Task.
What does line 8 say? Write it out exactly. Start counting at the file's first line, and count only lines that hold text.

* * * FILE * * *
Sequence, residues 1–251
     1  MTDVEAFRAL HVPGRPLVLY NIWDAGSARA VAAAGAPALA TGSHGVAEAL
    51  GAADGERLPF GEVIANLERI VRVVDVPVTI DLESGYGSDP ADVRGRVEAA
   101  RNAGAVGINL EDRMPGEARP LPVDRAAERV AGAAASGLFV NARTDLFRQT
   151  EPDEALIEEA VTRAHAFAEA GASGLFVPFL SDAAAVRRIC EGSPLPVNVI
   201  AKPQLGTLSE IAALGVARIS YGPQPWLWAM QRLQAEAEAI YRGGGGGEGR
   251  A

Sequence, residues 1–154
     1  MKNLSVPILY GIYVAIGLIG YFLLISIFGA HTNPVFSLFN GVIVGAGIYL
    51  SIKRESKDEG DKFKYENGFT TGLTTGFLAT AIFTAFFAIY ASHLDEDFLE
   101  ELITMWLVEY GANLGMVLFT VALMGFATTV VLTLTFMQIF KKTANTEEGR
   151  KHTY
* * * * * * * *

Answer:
Sequence, residues 1–154